On March 11, CDC immediately activated its Emergency Operations Center (EOC) in Atlanta to respond to the 9.0 magnitude earthquake and subsequent tsunami and radiation release in Japan. CDC continues to closely monitor the effects of this disaster and is focused on making sure it is ready to support any requests that come in from Japanese colleagues related to public health.
Sharing our stories on preparing for and responding to public health events
March 24th, 2011 4:44 pm ET - Ali S. Khan
March 8th, 2011 12:06 pm ET - Molly McCollom
On one beautiful sunny day, we passed by a group of people under an awning. At first, I thought they might be gathering after a church service. Only as we passed did I realize they sat facing a coffin. Fifteen minutes after passing this congregation, we came upon another group of people dressed in white and black. It was a procession carrying yet another coffin through the dusty streets.
At every clinic we visited, we asked what supplies were needed. At every clinic, one of the answers was “more body bags.” [View our Photo and Video Galleries]
February 11th, 2011 1:06 pm ET - Scott Harper
Over one-third of New York City (NYC) residents are from outside the United States, so in addition to preparing for and responding to numerous indigenous infectious diseases, we also encounter many imported cases, some of which end up causing outbreaks.
January 21st, 2011 2:55 pm ET - Araceli Rey
When I was in high school I studied French and learned about French-speaking countries. Haiti was one of them, and I always thought that one day I would visit this beautiful country as a vacation destination. I never, ever thought I would be part of a response like the one currently underway in Haiti or that I would see the country in such desperate despair.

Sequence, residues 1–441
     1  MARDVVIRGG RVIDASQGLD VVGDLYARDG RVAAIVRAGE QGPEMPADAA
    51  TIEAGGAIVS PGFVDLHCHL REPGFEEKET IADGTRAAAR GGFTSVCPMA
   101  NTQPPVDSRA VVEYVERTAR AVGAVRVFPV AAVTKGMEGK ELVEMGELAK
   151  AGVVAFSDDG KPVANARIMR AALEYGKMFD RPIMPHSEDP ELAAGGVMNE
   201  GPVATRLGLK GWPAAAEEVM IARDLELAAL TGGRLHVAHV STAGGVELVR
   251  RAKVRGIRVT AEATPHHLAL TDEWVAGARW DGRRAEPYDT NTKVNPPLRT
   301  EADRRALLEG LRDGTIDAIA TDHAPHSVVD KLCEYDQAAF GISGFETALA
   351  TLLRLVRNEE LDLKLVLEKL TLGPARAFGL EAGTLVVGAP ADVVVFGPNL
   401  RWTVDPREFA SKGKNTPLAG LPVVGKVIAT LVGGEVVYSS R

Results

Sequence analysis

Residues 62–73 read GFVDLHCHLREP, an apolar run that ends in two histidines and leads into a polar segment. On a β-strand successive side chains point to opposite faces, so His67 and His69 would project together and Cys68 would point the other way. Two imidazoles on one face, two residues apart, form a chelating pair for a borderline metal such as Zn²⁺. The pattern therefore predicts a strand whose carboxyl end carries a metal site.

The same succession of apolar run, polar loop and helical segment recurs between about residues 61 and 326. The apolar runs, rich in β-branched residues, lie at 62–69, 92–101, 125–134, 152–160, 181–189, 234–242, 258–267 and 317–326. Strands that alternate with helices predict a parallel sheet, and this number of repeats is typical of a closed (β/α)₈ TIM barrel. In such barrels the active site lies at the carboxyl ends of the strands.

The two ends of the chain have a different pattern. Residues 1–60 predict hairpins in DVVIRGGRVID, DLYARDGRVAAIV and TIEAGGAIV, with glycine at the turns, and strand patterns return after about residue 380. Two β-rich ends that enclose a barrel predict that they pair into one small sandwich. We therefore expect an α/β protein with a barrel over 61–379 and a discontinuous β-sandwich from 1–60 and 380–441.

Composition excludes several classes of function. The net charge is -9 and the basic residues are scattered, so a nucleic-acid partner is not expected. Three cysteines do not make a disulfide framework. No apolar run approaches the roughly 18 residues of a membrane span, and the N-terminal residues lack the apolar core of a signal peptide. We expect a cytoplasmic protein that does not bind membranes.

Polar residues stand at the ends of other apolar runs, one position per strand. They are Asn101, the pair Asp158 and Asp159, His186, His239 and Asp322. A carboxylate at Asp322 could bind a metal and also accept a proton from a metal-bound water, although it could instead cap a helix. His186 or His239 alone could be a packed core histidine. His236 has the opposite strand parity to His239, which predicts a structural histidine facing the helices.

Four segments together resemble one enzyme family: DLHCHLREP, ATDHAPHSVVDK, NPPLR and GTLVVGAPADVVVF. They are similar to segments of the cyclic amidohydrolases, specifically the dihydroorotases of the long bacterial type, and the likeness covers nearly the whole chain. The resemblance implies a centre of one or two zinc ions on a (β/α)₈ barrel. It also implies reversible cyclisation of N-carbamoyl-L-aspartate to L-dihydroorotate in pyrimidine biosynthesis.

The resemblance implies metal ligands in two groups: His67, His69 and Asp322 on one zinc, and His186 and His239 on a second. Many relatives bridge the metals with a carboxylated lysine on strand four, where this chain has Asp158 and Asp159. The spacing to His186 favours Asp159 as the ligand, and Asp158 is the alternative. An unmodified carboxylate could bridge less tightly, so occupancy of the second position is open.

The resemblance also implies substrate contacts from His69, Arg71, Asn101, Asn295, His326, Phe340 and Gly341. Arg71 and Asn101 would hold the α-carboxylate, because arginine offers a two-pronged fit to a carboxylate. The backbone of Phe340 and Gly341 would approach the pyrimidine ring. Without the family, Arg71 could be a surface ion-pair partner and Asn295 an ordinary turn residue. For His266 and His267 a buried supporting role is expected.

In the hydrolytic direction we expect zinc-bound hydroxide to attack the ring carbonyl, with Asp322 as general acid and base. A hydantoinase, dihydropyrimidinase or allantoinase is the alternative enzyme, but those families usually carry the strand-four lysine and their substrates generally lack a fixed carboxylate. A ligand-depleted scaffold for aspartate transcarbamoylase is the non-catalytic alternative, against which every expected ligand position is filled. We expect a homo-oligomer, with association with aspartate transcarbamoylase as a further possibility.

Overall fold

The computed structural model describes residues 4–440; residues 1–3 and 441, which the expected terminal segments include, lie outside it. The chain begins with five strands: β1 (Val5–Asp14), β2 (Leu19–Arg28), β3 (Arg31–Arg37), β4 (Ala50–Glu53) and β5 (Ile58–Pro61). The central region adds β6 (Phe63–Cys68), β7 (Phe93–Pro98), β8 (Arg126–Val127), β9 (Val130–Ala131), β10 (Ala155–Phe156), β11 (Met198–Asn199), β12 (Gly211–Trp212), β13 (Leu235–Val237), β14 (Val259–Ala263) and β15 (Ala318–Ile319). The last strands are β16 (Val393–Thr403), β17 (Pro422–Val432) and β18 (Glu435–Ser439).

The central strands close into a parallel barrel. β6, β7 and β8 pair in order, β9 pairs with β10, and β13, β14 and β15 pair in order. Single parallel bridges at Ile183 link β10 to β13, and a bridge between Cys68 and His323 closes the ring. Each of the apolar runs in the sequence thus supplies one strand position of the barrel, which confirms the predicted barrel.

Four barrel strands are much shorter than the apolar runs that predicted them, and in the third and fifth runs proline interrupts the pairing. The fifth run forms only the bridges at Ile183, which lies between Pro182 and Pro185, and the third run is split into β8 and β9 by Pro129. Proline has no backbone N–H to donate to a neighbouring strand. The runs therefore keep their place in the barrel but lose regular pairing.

But fate would have it differently. [View our Photo Gallery]
December 16th, 2010 1:21 pm ET - Emily McCormick
“Cholera has an interesting personality.” That’s what I told my friends when they asked why I was going to Haiti to help with CDC’s cholera outbreak response. Understandably, they were worried I might get sick. Like my friends, most people don’t know much about cholera, so they assume it’s a big, bad bug. And it is. But as I explained to my friends, although cholera is very contagious, you can take some simple steps to prevent it. [View our Photo Gallery]
November 19th, 2010 4:07 pm ET - Aaron Fleischauer
I became a Career Epidemiology Field Officer (CEFO) in July 2008 after accepting an assignment with the North Carolina Division of Public Health in Raleigh. My initial projects focused on increasing capacity for disaster epidemiology, evaluating communicable disease surveillance, and conducting case, cluster, and outbreak investigations. These early projects provided great learning experiences, but my most rewarding experience was during the 2009 H1N1 influenza pandemic when my role as CEFO provided an important liaison function between state and federal public health agencies. During this time, I was appointed Chief of Operations and tasked with overseeing the epidemiology, surveillance, and countermeasures teams. Even though it was a hectic time I was thrilled to put all my training and past experience to work!
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